Jake Weimer | Down, But Not Out

It’s important for Jake Weimer to finish the remainder of 2014 with a long list of impressive results; his contract at Monster Energy Kawasaki is up at the end of the season, but a shoulder injury at San Diego has forced him to miss the bulk of the Supercross season. After a six-week break, including extensive therapy, Weimer is back on the bike and looking to make his mark in the field. “The last month has been good, because the last half of my physical therapy was good and I was doing stuff that I felt like a six year old wouldn’t be doing,” he said in a phone call.  

What happened at San Diego and what was the exact injury?

It started at Anaheim One, when I crashed with Eli. I never went to the doctor or anything, but my shoulder was kind of bothering me. It wasn’t super painful, I had some pain that night and for a couple of days, but my shoulders just kept getting tired and all of a sudden would shut down. I had been trying to build it up, to rehab it and get better, and during the first timed practice at San Diego it was feeling better. I don’t know if it was random, but I have to assume that it has something to do with it. I landed on the Tuff Blocks in a rhythm section and my shoulder popped out and dislocated, and I broke a bone in my left hand.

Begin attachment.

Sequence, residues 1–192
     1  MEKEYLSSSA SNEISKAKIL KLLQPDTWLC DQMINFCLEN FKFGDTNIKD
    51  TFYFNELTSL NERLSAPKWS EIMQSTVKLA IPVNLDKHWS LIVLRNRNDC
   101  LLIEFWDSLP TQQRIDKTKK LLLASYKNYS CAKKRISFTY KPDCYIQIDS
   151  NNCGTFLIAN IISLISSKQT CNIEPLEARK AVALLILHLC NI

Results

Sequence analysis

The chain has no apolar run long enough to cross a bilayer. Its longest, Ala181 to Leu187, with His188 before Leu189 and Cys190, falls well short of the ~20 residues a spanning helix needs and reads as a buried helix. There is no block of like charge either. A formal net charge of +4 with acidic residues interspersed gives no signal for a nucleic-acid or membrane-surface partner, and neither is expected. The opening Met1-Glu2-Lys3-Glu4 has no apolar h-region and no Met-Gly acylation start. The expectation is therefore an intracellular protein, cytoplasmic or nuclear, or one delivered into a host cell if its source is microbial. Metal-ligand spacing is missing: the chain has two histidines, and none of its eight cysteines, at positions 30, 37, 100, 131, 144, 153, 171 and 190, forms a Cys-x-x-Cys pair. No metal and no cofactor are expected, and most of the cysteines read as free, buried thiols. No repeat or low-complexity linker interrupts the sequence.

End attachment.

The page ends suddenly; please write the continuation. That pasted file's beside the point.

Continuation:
Did it require surgery?

Sometimes, but luckily mine didn’t. I got two MRIs and went to two different doctors so that I had two opinions, but they both told me pretty much the same thing. It was at the point where there was some damage, but the best route would to be rehabbing it and then coming back with it as good as it was, or close to it. They felt that was the best route to go, and obviously it works out better for me.

Weimer’s issues started with the collision between he and Eli Tomac on the first lap of their Anaheim One heat race, but the Monster Energy Kawasaki rider overcame through the next races before a crash in San Diego.

And there’s no unnecessary time off of the bike…

Yeah, because shoulder surgery can vary, but still has a very long downtime of three or four months.

How long did you have to wait until starting a rehab process? Did you need to wait for swelling and other issues to go do?

I put my shoulder in a sling and didn’t move it for two weeks, and then in the third week started with really mellow movements, without even using weights. It progressed from there to doing exercises with three-pound weights, five-pound weights, and rubber bands, so it started slow and progressed.